In 2004, Professor Richard Thompson and his team at the University of Plymouth introduced the world to the environmental nightmare of microplastic pollution in our oceans and on shorelines, consumed by fish and other marine life and making its way into the food chain with potential impact for human health. Then in 2011, ecologist Mark Browne at the University College Dublin added to this field of knowledge when he found that 85 percent of the microfibres discovered on shorelines were human-made materials commonly used in synthetic apparel made from such fabrics as polyester and acrylic. He also found that a synthetic garment could release up to 1,900 microfibres when washed in a washing machine. Worse still, researchers at the University of Plymouth, found that a 6kg wash load could release more than 700,000 microfibres! Since some of these fibres aren’t captured at the wastewater treatment facility due to their size and abnormal shapes, they end up in our oceans.
While not all the microplastics that ends up in the sea made its way there via our washing machines, some of it can be traced back there. Ongoing research is still being conducted on the subject matter and while long-term solutions haven’t been found yet, one way individuals can take matters into their own hands is to avoid purchasing clothing made from synthetic fibres.
What are synthetic fibres?
Synthetic fibres are those that are man-made, unlike natural fibres that are, as the name suggests, derived from natural sources. Synthetic fabrics are popular in the fashion industry because they are widely available, durable, high resistance, lightweight and of course, cheap.
Synthetic fibres can be classified under two categories: those made from the cellulose of plants (“cellulose-based”) and those that are petroleum-derived. Man-made cellulosic fibres include viscose or rayon which are usually derived from wood pulp or cotton. They are also often referred to as ‘semi-synthetic fibres’ because they are artificially created but are plant-based. Man-made petroleum-based fibres, sometimes called plastic-based fibres, are fibres such as polyester and nylon.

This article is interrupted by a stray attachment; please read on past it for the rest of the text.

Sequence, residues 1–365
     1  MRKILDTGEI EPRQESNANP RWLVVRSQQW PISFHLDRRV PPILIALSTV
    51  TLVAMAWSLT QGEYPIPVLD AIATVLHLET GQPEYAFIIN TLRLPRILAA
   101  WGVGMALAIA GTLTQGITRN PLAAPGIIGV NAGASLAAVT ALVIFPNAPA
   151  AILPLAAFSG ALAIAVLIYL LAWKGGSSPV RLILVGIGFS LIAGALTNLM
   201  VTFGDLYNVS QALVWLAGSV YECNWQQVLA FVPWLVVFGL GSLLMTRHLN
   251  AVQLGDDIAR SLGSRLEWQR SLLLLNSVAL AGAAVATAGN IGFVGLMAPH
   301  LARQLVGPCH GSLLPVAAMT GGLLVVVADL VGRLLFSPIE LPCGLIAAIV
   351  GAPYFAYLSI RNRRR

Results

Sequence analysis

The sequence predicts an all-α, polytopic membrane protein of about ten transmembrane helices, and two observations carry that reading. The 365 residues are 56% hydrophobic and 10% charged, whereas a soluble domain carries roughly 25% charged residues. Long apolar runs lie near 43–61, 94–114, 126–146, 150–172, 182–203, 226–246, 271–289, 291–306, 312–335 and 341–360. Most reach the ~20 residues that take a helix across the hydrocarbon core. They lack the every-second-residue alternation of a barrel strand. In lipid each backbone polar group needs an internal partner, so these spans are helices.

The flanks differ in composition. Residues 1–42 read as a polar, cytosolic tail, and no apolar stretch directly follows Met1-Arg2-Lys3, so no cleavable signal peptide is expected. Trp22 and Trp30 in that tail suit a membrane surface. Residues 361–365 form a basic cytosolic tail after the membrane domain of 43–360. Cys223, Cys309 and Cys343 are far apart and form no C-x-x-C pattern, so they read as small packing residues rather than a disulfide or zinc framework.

A 2014 study revealed that synthetic cellulosic fibres, or semi-synthetic fibres, such as rayon, was found in the deep sea. Another study revealed that fish consume nylon and rayon microfibres. In light of the findings and for the sake of our oceans, it’s best to avoid synthetic fibres generally.
The most common synthetic fibres found in fashion items:
- Nylon (also known as Polyamide)
- Viscose (often referred to as Rayon in the US)
- Elastane (often referred to as Spandex in the US, and Dupont has its own version, known as LYCRA®)
Sustainable fabrics that contribute to microfibre problem
It should be pointed out that cellulose-derived man-made fabrics such as Bamboo fibres, Modal, Lyocell and Tencel® commonly referred to as ‘sustainable’ or ‘eco-friendly’, could have similar impacts on the environment. It is still early days, and scientific research into microplastics pollution from clothing is only just starting to emerge so the impacts of these fibres have yet to be conclusively tested and fully understood. Still, it shouldn’t be dismissed and one should tread consciously when washing these items.
On the other hand, there are no doubts at all that sustainable fabrics such as ECONYL® and fabrics made from recycled PET bottles release microfibres.